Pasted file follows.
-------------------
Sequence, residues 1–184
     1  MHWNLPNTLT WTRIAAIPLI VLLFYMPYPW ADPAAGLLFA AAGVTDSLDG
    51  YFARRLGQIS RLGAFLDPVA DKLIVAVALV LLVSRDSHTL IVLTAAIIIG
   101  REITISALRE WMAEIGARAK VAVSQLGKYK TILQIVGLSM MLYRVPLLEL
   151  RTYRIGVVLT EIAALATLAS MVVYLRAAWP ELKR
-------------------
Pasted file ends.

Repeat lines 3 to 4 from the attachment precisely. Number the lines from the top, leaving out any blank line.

    51  YFARRLGQIS RLGAFLDPVA DKLIVAVALV LLVSRDSHTL IVLTAAIIIG
   101  REITISALRE WMAEIGARAK VAVSQLGKYK TILQIVGLSM MLYRVPLLEL